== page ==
: Posh Improvisational Cuisine : 7167 East Rancho Vista Drive, #111, Scottsdale
: The restaurant's "Petite Posh" menu debuted about a month ago
: French country cooking, like your grand-mère used to make
If you happen to swing by Posh Improvisational Cuisine on a Tuesday night expecting to find hot bowls of Japanese ramen, you might be surprised to see French pâté and cassoulet flowing out of the open kitchen instead.
For years, the Scottsdale fine-dining restaurant, long recognized for turning out spontaneously-devised multi-course tasting menus, hosted a popular Tuesday ramen night.
Tuesday night ramen at Posh is no longer a thing, although certainly not for lack of popularity. The concept has migrated to north Scottsdale, where Posh chef-owner Joshua Hebert opened Hot Noodles Cold Sake, a ramen restaurant, last fall.
Now that ramen night has graduated to its own space, Tuesday nights at Posh taste considerably different. The new Tuesday dinner theme is "Petite Posh," a night dedicated to classic French bistro cooking.
French bistro night at Posh feels charming and welcoming. No reservations are required, and the restaurant's naturally dim and sleek interior feels well suited to the bistro concept. Soft music — yes, you might catch strains of Edith Piaf here and there — plays at modest levels in the background.
The compact menu is likely to evolve over time, but for the time being, expect to find the sort of rustic, well-made and timeless French country dishes that are described on the menu as "cuisine de grand-mère." It's your grandmother's cooking, in other words, if your grandmother happens to be a well-honed chef rooted in the French tradition.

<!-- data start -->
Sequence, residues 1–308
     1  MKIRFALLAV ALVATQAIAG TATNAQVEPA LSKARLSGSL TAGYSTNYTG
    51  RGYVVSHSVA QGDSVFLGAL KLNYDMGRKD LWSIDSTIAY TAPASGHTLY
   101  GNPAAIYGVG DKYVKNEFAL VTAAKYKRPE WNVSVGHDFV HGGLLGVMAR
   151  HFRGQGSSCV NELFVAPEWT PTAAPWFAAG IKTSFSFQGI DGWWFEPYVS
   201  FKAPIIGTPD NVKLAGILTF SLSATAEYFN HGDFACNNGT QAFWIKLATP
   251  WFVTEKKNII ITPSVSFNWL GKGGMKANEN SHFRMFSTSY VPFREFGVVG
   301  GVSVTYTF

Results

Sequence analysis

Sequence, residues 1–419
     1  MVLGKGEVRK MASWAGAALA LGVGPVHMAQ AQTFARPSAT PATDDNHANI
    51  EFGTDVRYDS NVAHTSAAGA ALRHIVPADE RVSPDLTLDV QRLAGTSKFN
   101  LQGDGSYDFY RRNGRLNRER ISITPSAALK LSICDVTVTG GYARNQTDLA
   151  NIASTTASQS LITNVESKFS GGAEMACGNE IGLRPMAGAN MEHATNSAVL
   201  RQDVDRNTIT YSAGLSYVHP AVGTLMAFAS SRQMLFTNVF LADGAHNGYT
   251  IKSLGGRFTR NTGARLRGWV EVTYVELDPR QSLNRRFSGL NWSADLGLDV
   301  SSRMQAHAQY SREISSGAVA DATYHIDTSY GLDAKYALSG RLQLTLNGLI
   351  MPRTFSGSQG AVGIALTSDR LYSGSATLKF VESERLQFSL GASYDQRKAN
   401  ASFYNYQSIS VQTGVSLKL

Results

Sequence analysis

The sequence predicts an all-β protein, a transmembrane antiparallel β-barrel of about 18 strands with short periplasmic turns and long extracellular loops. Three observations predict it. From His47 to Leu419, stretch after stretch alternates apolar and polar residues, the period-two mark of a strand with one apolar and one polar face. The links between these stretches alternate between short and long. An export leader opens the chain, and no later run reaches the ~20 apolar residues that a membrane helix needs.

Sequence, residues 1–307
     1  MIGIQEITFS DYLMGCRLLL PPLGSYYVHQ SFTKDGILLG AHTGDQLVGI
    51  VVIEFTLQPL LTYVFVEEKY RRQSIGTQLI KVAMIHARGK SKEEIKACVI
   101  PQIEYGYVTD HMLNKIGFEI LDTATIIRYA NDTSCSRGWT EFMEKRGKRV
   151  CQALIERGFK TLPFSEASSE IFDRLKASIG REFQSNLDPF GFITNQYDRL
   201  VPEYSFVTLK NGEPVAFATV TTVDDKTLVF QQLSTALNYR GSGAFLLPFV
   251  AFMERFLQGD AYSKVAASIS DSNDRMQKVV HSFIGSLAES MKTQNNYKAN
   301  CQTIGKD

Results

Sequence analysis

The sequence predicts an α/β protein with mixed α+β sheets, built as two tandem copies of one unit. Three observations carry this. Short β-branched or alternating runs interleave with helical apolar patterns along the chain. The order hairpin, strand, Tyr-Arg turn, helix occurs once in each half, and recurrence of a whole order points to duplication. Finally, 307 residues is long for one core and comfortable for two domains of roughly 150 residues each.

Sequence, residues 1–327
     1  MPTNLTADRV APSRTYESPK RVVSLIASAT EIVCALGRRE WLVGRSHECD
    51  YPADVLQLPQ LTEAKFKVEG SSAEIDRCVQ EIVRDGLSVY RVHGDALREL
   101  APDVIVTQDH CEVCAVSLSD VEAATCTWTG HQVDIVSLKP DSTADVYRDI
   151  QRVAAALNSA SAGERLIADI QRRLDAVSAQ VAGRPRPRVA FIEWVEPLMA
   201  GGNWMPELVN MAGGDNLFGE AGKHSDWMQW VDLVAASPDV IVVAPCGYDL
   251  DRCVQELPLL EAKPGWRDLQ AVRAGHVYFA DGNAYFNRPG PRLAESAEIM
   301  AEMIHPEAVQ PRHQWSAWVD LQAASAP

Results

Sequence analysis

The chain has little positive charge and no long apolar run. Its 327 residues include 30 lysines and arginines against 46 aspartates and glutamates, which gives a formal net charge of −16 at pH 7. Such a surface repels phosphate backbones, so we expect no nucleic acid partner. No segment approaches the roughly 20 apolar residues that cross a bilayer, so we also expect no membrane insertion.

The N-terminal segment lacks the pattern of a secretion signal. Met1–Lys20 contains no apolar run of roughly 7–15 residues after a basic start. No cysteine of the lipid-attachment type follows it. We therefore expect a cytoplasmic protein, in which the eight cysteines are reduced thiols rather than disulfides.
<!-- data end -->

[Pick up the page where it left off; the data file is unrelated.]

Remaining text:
A good place to start is with the pâté de maison, a richly flavored house pâté accentuated with bacon and served with vinegary elements like mustard seeds and slightly sweet cornichons. A couple of slices of baguette are provided, ideal for building small bites of the smooth, meaty pâté.
If you only have room for one small plate, though, make it the remarkable Menage a Foie. The menu describes a trio of foie gras, but on a recent visit, an order yielded four small servings of four different takes on foie gras, each one seemingly more melty and indulgent than what came before.
A seared foie gras melts with buttery, liquid-like precision; a hybrid marshmallow foie gras, dulcet and irresistible, offers a sort of roasted caramel sweetness; a torchon foie gras is similarly good, with a sort of crème brûlée sweet finish; and a sorbet foie gras is like inhaling a small dollop of intensely rich, butter ice cream.
No doubt about it, it will take at least a couple of intense workouts to burn off the fatty indulgence of this one modestly sized plate of food. But you'll dream about that marshmallow foie gras for days.
There are only a few entree options, including a flatiron bistro steak cooked to a glistening medium-rare. It's served over French green beans and a meaty, buttery tangle of shiitake mushrooms. The mushrooms achieve a sort of buttery intensity, and nearly rival the appeal of the nicely seasoned, garlicky slices of steak.
Coq au vin, braised in a fragrant Burgundy sauce, is full of gorgeously layered flavor. Cipollini onions add a measure of noticeably rich sweetness, and the dish achieves the comforting, rustic flavors that have made this one of the world's greatest braises. It's the sort of dish that carries over perfectly into leftover territory, the flavors deeper upon reheating.
We Believe Local Journalism is Critical to the Life of a City
Engaging with our readers is essential to Phoenix New Times's mission. Make a financial contribution or sign up for a newsletter, and help us keep telling Phoenix's stories with no paywalls.
Support Our Journalism
If you still have room or need for dessert after all that, you can guild the proverbial lily with a slice of the house Gâteau Victoire, a flourless chocolate cake that would no doubt make Julia Child proud. It's refined and smooth and a little decadent, but almost seems like diet food in comparison to the pure indulgence of marshmallow foie gras.
Posh's take on classic French bistro fare offers the same measure of discernment and polish that you've come to expect from the Posh team on any other night. There might not be ramen on Tuesday nights anymore, but did I mention that there is marshmallow foie gras?